I really like the proportions and roll of that shirt collar. It’s something that seems to be near impossible to find of R2W button downs in England, with most Jermyn shirt-makers seemingly favouring mean, shrunken little collars that produce no roll and can’t be worn properly with a tie. Can you recommend any UK-based retailers that offer Ivy-style OCBDs with a decent unlined collar? I’ve been looking at Drakes but it’s hard to gauge the quality of their shirts from the pictures on their website. Otherwise I might consider a US-based retailer if you can recommend one.
Drakes definitely worth looking at. Otherwise read my posts on Luca Avitabile and the Italians I use
If you want the real deal on OCBD with the button down, try Mercer in the US.
What an informative post. Thanks, Simon.
A question about the jeans and sweater combination: how much contrast is there between the color of the jeans and the color of the sweater in real life? I have a similar navy shawl collar sweater (albeit not a cardigan) and when I wear it with jeans I sometimes feel like I’m wearing too much blue. Perhaps leaving your cardigan open allows a glimpse of your contrasting shirt to break things up?
Yes, though you do need some contrast and this is helped by bluer or more heavily worn jeans.
Ultra-casual (according to PS) is how I come into the office now most of the time just out of spite, although I tend to add some Edward Green’s. Most coworkers (->law) are suit-only, although said suits appear to be made from the same material used for vinyl but spun into some ungodly thread. Also they colormatch ties and hanks. Also they tie their ties with windsor-knots, an especially disgusting misbehaviour and a pet-peeve of mine. I think as a next step I will get a full beard.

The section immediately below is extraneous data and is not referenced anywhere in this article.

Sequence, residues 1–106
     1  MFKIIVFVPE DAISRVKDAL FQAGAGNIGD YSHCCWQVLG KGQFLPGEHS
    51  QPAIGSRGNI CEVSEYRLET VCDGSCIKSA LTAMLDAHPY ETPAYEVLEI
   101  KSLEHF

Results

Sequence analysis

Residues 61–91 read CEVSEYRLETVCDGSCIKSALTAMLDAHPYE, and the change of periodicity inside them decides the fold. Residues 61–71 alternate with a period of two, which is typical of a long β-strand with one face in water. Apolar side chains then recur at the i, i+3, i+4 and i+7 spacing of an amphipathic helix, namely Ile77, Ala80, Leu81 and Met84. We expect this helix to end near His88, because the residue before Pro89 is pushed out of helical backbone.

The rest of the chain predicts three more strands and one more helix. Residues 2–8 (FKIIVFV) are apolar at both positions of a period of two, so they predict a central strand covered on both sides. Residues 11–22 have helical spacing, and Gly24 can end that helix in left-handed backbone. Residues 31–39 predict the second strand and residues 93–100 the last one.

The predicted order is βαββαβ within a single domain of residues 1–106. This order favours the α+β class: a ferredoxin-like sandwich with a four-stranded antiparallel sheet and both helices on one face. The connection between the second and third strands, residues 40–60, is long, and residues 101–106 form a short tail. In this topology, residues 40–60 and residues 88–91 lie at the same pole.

How do you get creases to hold in your flannels? Even after pressing my VBC flannels lose their crease after about two wears.
Italian flannels will generally be worse than English, and lighter rather than heavier.
What kind of socks (brand and material) are you wearing with your jeans and your flannels?
Blue linen and then grey wool, both Bresciani via Mes Chaussettes Rouges
Those loafers really do look dressy.
Hi Simon – What is the leg opening of your jeans? I find that most of my jeans look a bit off with common projects because the leg opening and the sleekness of the shoe are out of proportion.
Also, what material is that Solito jacket?
The jeans are 15 inches, quite narrow. Jacket material answered above, but it’s a Zegna cashmere
I’m not sure about the trainers. Very difficult to pull off for any man over the age of 25, they need to be absolutely pristine white and spotless. I’d be tempted to go for a pair of tods or a suede chukka. I guess that’s what makes a market! Love the patina on the G&Gs. John
I sort of agree on those trainers; I’m sure yours are nothing short of superlative in every aspect, but I’ve just seen some on a market that aren’t visually different for £5.99!
That’s a great look though, and scrolling down this post was an absolute joy.
Cheers. There will always be cheaper versions of everything. It’s about quality in feel and over time (as in everything we write about here)
What’s your view on tasseled loafers with jeans and chinos? I’ve always thought the tasseled loafer better suited to more formal trousers.
It tends to be slightly more formal, but it’s a small point
My office is quite casual but I wear variations on number 6 most days. I wear a suit maybe once a week. Just often enough that I no longer get asked if I am going to job interview.
Numbers 4 and 5 for casual Friday.
Does the formality change in the summer for you Simon? It certainly does in my office.